As we know, Geneviève had already met Louis before the Blakeney party. It was during a trip to Paris that Geneviève attended a Bal des Victimes, a brief fad following the crash and burn of the French Revolution. It became quite fashionable for upper crust young people who had escaped the fate of Mme. Guillotine to wallow morbidly in their good fortune. One way was in fashion. The simple white tunic had been popularized by Marie Antoinette, but it really took off in the late 1790s. On one hand, it resembled the classic peplos worn by women in ancient Greece, and everyone was ancient history crazy at the time. Also, it brought to mind the prisoners being brought to execution in the crude tumbrels, stripped down to their white chemises. To accentuate this, women wore the costume à la victime, with long red ribbons around the neck, and often wrapped across their shoulders and down their arms, to suggest blood. Some women cut their hair short and ragged to complete the effect. The most gruesome touch was the habit of men to jerk their necks while bowing during introductions.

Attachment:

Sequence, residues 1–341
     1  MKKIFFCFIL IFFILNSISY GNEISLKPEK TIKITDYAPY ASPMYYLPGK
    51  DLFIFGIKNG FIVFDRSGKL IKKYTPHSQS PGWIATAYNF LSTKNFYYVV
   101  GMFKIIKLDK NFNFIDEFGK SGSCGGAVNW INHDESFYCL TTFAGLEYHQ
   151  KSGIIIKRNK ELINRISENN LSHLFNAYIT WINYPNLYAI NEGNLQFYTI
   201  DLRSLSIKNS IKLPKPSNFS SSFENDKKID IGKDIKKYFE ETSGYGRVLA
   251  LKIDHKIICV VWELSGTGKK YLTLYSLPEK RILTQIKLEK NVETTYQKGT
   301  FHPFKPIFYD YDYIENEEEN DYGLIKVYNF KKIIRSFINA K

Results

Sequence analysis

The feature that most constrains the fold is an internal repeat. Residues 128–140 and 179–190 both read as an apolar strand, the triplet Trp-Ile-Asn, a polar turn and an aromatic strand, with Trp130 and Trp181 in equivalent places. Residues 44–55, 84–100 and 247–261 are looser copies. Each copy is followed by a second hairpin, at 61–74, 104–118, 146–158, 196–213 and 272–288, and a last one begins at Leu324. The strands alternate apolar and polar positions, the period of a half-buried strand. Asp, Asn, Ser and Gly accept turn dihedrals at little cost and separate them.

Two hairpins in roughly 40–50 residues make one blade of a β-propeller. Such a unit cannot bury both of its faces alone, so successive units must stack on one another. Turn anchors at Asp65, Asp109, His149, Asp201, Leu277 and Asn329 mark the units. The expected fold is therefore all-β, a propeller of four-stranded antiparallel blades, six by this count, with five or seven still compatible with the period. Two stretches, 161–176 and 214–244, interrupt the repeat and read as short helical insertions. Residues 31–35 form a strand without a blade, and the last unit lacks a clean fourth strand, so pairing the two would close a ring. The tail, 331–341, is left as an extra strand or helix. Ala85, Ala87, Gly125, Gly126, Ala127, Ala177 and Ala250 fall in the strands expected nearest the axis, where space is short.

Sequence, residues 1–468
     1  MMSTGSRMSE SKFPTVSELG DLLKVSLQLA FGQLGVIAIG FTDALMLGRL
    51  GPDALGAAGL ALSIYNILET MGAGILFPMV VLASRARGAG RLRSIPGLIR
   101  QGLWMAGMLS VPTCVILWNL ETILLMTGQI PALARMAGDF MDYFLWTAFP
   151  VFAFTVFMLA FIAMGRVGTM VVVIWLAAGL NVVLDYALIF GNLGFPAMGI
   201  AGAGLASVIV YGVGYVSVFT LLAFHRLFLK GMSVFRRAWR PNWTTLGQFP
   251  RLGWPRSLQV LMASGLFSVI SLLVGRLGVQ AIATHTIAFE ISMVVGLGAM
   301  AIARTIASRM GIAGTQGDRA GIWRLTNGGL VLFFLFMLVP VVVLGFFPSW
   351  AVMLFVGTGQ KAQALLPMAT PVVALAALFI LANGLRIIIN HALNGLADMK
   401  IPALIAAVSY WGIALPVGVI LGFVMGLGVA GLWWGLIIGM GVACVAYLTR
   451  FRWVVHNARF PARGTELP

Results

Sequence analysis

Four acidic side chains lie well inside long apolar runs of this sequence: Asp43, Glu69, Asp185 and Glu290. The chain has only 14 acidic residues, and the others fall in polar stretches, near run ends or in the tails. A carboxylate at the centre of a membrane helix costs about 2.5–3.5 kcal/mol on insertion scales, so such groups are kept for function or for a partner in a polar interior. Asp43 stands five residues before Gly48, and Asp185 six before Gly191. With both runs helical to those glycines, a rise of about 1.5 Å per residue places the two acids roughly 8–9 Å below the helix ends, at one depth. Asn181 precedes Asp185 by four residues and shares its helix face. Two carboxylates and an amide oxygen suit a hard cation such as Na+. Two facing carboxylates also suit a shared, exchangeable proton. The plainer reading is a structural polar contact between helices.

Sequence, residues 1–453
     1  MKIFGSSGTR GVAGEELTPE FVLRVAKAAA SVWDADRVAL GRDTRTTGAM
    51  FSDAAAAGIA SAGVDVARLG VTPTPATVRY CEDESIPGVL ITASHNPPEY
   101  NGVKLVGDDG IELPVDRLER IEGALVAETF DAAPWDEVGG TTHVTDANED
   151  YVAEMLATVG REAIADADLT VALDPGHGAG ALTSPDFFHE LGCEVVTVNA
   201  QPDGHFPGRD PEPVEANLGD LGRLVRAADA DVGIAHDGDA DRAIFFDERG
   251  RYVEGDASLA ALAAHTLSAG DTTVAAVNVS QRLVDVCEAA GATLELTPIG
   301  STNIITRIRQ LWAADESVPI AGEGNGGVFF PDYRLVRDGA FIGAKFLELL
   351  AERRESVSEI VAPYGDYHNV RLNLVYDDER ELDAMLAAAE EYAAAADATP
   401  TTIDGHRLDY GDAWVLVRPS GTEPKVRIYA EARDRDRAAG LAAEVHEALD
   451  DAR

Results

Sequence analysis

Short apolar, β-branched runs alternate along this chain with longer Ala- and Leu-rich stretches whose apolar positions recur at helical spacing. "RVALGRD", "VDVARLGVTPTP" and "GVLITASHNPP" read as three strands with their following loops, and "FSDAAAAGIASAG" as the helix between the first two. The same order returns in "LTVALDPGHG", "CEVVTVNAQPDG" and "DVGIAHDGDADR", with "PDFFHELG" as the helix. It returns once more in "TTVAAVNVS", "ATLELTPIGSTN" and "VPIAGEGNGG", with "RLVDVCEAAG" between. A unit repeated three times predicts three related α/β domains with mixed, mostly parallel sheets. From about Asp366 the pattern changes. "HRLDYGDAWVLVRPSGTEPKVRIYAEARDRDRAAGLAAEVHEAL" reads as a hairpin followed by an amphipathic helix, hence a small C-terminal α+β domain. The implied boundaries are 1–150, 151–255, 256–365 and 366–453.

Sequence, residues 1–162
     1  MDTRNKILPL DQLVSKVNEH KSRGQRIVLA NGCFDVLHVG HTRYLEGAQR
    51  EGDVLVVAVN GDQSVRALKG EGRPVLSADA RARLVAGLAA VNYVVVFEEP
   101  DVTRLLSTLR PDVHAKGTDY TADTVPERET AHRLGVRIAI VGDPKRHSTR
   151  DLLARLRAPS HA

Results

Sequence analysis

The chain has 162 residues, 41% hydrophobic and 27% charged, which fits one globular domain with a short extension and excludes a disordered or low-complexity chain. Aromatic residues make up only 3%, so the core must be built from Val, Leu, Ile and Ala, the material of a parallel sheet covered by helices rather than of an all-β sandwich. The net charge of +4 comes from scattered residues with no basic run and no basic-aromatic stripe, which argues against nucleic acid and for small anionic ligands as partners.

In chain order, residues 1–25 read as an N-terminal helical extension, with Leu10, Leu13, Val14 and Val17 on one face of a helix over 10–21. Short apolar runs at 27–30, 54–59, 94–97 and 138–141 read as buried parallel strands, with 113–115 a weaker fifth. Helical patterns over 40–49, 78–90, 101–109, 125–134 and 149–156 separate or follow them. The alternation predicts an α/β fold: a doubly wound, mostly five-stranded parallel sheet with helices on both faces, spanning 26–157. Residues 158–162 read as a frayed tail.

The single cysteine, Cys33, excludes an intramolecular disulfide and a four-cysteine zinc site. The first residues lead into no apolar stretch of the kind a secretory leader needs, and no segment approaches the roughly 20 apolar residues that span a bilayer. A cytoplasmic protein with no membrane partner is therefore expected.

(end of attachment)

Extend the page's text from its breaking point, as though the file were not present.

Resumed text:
Strange parties were held by and for these folks, most famously at the Hôtel Thellusson. It was a psychologically difficult time for everyone, a phenomenon repeated again and again after devastating societal upheavals. I am reminded of the "Lost Generation" after World War I.
But for Geneviève and Louis, it was the beginning of a lovely romance.